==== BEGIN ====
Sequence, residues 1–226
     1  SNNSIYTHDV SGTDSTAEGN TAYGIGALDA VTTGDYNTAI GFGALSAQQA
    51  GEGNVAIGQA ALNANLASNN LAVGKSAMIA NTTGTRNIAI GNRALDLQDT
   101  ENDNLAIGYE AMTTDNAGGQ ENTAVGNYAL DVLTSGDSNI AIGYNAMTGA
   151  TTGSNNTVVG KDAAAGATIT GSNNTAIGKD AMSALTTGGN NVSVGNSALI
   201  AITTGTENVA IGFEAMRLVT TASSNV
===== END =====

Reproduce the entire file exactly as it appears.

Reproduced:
Sequence, residues 1–226
     1  SNNSIYTHDV SGTDSTAEGN TAYGIGALDA VTTGDYNTAI GFGALSAQQA
    51  GEGNVAIGQA ALNANLASNN LAVGKSAMIA NTTGTRNIAI GNRALDLQDT
   101  ENDNLAIGYE AMTTDNAGGQ ENTAVGNYAL DVLTSGDSNI AIGYNAMTGA
   151  TTGSNNTVVG KDAAAGATIT GSNNTAIGKD AMSALTTGGN NVSVGNSALI
   201  AITTGTENVA IGFEAMRLVT TASSNV